Additionally, the control processor 30 includes a reset 124 which monitors the power of the microcontroller 121. If the communications panel 62 experiences a power failure, the reset 124 will force the communications panel 62 into an idle state before it can contaminate the entire network.

Once the power is restored to the communications panel 62 it must be reset before being activated. The reset 124 resets the communications panel 62. These circuits thus comprise a power-ON reset with a push-button for optional manual reset.

The control processor 30 includes an input latch 126 for converting decoded DTMF (dual tone multi-frequency tone) digital signals into a microcontroller 121 compatible digital signal. The control of the input latch 126 is connected to an address decoding member 128. The address decoding member 128 selects a range of addresses placed on the communications bus 134 by the microcontroller 121. When the microcontroller 121 reads that address, the DTMF signal is loaded into the microcontroller 121 for processing. When the microcontroller 121 writes to that address, relay, phone and indicators are controlled by the output latch 129.

The microcontroller 121 is controlled by firmware which resides in the EPROM 122. The data is addressed by the microcontroller 121 and stored therein. The microcontroller 121 receives instructions from, the EPROM 122 for processing the data, in a normal instruction-fetch cycle.

The technique of multi-tasking is employed by the firmware. The firmware comprises three separate functions; the change task module; a command processor module and a phone module. The modules function and communicate with each other as described below.

The change task portion of the firmware detects changes on inputs to the microcontroller 121; measures the battery inputs, e.g. the voltage levels; keeps track of the relay in the control processor 30 used to send the message over the radio or the telephone line 26; controls the set of relays 232; and in general maintains all of the low level input and output of the microcontroller 121.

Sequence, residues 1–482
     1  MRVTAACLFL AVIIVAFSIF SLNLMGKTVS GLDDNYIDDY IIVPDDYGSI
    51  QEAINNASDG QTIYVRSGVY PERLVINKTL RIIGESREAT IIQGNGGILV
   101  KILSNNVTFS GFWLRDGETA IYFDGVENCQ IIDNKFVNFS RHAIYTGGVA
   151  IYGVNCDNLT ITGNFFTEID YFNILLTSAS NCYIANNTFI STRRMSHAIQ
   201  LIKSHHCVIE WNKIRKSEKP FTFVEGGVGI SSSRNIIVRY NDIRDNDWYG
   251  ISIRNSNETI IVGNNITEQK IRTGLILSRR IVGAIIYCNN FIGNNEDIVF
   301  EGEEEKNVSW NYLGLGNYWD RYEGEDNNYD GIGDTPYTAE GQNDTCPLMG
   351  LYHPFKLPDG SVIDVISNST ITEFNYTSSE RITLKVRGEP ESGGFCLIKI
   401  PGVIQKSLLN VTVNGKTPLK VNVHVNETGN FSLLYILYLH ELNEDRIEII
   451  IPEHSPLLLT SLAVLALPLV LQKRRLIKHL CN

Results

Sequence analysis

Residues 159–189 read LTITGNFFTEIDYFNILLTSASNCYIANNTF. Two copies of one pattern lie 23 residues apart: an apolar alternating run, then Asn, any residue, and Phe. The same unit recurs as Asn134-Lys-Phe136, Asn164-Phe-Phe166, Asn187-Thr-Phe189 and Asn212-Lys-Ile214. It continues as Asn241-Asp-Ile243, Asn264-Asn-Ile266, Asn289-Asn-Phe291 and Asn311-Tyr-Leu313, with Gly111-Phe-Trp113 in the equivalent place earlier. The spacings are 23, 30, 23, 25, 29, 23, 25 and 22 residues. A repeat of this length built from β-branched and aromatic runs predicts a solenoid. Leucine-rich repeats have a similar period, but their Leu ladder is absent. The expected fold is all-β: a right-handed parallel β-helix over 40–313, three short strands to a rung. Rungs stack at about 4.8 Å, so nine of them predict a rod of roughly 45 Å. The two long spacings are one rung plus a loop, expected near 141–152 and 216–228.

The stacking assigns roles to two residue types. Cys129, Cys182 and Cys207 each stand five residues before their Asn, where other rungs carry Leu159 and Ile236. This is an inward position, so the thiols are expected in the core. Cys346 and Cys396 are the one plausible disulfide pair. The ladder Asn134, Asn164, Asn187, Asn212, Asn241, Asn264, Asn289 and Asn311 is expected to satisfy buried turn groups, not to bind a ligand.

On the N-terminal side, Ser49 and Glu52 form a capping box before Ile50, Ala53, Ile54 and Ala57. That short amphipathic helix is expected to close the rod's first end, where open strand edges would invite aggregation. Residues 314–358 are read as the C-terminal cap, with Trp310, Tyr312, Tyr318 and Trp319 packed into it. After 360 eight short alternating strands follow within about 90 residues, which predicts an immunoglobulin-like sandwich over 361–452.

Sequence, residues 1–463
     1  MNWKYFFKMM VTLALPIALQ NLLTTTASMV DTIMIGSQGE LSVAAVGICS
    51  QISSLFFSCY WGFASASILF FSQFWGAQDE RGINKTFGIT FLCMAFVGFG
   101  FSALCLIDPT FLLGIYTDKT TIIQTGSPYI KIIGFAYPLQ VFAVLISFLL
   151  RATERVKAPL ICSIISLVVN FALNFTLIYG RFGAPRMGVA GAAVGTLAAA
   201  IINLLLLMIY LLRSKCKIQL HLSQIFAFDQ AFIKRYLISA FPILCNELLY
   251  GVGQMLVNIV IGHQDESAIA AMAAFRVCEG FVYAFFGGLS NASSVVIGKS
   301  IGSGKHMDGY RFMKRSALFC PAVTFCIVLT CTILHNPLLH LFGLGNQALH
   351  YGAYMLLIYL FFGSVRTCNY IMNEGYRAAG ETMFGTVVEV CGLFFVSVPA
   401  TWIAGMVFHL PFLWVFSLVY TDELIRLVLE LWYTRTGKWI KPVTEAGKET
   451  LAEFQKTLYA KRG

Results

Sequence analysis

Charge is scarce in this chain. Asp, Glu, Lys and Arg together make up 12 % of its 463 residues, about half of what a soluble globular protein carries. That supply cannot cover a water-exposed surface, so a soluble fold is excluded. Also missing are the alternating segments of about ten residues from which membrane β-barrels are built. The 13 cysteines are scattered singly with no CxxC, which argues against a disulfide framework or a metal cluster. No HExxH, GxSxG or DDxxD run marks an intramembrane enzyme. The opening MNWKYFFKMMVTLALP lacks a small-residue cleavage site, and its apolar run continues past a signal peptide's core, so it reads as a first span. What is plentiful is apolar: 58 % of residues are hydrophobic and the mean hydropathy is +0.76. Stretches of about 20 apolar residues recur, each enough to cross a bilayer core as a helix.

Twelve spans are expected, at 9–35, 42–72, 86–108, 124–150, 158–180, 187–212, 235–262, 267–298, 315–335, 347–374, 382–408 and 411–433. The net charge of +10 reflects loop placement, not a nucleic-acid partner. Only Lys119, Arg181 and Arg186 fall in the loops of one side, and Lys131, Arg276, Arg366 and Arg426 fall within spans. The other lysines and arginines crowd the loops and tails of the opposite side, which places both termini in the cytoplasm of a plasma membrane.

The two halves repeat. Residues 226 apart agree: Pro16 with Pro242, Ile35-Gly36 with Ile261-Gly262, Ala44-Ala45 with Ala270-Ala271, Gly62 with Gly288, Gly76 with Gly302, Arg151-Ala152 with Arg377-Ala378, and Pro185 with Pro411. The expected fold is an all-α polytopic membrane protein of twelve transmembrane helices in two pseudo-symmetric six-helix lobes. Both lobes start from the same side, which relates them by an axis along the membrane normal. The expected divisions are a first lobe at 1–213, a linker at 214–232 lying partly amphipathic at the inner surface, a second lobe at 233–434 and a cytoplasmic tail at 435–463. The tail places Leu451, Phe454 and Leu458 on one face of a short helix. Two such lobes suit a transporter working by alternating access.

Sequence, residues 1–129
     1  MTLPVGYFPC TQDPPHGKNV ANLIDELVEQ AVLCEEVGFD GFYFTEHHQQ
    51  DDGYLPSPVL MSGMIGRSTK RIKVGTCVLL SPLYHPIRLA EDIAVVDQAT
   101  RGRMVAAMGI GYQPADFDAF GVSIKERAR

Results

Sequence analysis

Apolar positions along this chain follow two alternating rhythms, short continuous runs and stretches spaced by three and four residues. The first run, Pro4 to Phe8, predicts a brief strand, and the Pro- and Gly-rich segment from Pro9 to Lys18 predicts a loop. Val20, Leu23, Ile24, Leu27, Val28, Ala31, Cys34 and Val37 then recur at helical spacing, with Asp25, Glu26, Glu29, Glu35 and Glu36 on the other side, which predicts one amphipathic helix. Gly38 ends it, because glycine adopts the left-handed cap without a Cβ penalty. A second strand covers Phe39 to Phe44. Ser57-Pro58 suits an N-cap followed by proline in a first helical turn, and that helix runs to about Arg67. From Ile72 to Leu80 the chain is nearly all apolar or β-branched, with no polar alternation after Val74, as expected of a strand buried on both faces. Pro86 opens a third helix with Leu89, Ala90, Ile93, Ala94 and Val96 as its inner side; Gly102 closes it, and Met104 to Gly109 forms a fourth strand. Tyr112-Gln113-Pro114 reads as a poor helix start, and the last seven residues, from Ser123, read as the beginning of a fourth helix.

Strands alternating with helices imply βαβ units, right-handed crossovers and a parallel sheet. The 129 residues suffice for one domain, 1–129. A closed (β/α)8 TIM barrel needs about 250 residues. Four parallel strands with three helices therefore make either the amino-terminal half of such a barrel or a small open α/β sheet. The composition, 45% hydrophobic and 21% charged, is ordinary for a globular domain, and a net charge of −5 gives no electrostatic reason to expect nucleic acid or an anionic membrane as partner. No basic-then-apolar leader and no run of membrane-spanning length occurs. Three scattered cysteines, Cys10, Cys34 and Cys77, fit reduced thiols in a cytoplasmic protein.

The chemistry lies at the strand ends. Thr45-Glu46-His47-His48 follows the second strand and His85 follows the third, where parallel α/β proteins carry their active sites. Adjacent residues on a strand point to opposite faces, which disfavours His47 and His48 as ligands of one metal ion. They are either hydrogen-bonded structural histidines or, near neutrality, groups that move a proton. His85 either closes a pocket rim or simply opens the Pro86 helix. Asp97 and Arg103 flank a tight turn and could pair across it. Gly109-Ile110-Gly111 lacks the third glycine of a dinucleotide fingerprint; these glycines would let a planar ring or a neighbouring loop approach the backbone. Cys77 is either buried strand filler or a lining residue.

The low level input and output of the microcontroller 121 includes the telephone intercept state and battery test status.

The change task module also keeps track of the current relay status, the battery-level as well as the AC-power state, radio-link state and trouble-indicator buzzer 242.

The command processor portion of the firmware handles new incoming radio messages, and formats new outgoing radio messages based on this data. The command processor communicates with the change task module over data buffers located in the RAM 130. When a change is detected by the change task portion of the firmware a control flag is set in RAM 130. The command processor reads the control flag in RAM 130 and recognizes that a change has been made. A new message is then made and sent to the appropriate line for transmission via redundant transceivers 24. Similarly, the command processor receives messages, checks to make sure that the message is a valid one and then sends instructions as appropriate. For example, if a message is received to activate a particular relay, the change task module will detect this request as a change and notify the command processor of the request. The command processor will check to make sure that the message is valid and meant for the particular communications panel and then the particular relay is activated.